The Gates of Ishtar (2:30), Shadow of the King (7:40), Forgotten One (6:19), Astral Flight (5:34), The Emperor's Letter (7:21), Endless Ocean Blue (11:37), Total Absence (15:31)
Norwegian prog rock band Fatal Fusion have been around for some years and just released their third full length album entitled Total Absence. What I remembered from what I heard of their earlier releases on www.progulus.com, they are no fusion band at all though, and my memory served me right. They are a kind of neo prog band with a darker, vintage twist; if that makes sense.
The instrumental intro Gates of Ishtar starts with a quite sombre, oriental, symphonic vibe, not entirely unlike Saviour Machine, and the first proper song, Shadow of the King picks up that atmosphere, evoking a dark, fantasy world. What sets Fatal Fusion apart from most other neo prog bands is the raspy, dark timbre of vocalist Knut Erik Grøntvedt, and a prominent Deep Purple influence in some of the riffs and guitar work. The solo section of Shadow of the King could come either straight from Purple's The Battle Rages On or from Arabia by Arjen Lucassen's 80s hard rock band Vengeance.
With the following Forgotten One, Fatal Fusion could easily pass as a darker brother of their countrymates Magic Pie, while the following instrumental Astral Flight tries to reach the intensity of IQ's Frequency in the second half, due to similar harmonic progressions. The Emperor's Letter and Endless Ocean Blue sees Fatal Fusion explore more melancholy waters, with nice contrasts between Mellotron and Hammond parts, beautiful guitar leads and some vocal lines/harmonies in the latter, that have Pink Floyd's Echoes in sad-mode, written all over them.
The final title track, an epic, clocking in at just over 15 minutes, surprises with a Steven Wilson-esque intro. However, Fatal Fusion are not able to keep up the tension arc for the entire time. Still, I've grown to love this album as a whole, especially for the overall mood and atmosphere. It is like reading a good fantasy novel, where you become emotionally attached to the characters, but in the end you know that it is a work of fiction, so the feelings don't threaten to overpower you. This is a refreshing counterpart to real-life dramas like Pain of Salvation's In the Passing Light of Day, whose emotional weight can suck you into an abyss of feelings. Total Abscence is highly recommended to all those who love their (neo) prog spiced-up with grit and a dark, fantasy flair.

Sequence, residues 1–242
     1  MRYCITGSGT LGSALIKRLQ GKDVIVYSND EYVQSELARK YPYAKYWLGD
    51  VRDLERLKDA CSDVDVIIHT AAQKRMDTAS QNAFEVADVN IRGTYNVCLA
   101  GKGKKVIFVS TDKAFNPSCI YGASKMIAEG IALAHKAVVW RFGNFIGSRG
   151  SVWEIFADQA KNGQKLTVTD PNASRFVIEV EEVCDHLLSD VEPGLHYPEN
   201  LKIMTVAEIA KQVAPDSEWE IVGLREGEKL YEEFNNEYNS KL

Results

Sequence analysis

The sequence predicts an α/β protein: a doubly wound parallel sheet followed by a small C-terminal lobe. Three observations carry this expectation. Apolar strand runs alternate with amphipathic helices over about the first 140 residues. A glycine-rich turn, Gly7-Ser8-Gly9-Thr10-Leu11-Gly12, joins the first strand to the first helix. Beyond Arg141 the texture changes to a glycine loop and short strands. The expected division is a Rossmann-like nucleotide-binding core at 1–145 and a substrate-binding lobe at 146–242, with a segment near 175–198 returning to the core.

Silent Towns/2nd movement (New recording 2016) (6:41), Poseidon 2 (New recording 2016) (2:31), The Tower's Room Lost in the Fog (New - Live in Budapest 2010) (5:54), Wanderers from the 15th Century (New recording 2015) (3:04), Hymn No.234. - revision (New recording 2015) (3:15), M'ars Poetica (Live in MŰPA, Budapest 2014) (6:24), The Lion's Empire (Live in Monterrey, Mexico 2004) (6:27), Journey in the Andes (Live in Budapest 2004) (4:42), The Dark Middle Ages (MW I 1998) (5:25), If the Fog Clears Away (Live in LA, USA 1995) (4:25), Revival / Short Cut (Live in Budapest 1980) (2:45), Levitation (MW III 2006) (2:54), Utopia (Live in Szentendre 2014) (5:48), Eden (Live in LA, USA 1995), (6:16), La Mer... (MW III 2006) (3:02), Ba'rock' (MW I 1998) (6:04)
People often say that opposites attract. I have always found there is something mysteriously appealing whenever I have been confronted by things that contrast; whether that might be paintings of verdant pastures or arid deserts, images of planet earth or deepest space, or perhaps even the surprising allure of hearing a divergence of styles within a single album.
Attila Kollár's Progrock 55 contains many disparate characteristics in a release lasting just over 76 minutes and containing 16 tracks. It is an album that exhibits the effectiveness of mixing languid flute-led pastoral tunes, with beautifully constructed acoustic ensemble pieces, or thunderously uninhibited fiery epics. The anticipation of what style might be encountered next is always interesting and creates a listening experience that, at its best, is bold and exciting.
Prog Rock 55 is a career retrospective of the work of Kollár, and compositions from much of his discography are represented in the compilation. Kollár is best known for his work as the flautist for Hungarian band Solaris. The recorded output of Solaris was reviewed in a special edition on DPRP in 2015 (here).
During his long musical career Kollár has also recorded three solo albums using his Musical Witchcraft moniker. The first Musical Witchcraft album, which was released in 1998, was reviewed in Part 3 of last year's DPRP flute prog special. Kollár is currently involved with Solaris and his own band Invocatio Musicalis. That band's live album released in 2015 was reviewed by DPRP in Issue 93 of that year (review here).
Prog Rock 55 contains tunes written, or co written, by Kollár, and he selected which compositions were to be featured. The album contains many of Kollár's most accomplished compositions. The inclusion of a number of live tracks reflects his belief that his work has an extra dimension when performed live. The heartfelt concert interpretations featured on this album, exhibit an enjoyable freedom of expression that is often associated with a live performance. As a consequence, the album benefits from a tangible feeling of spontaneity, and displays a great deal of emotional warmth.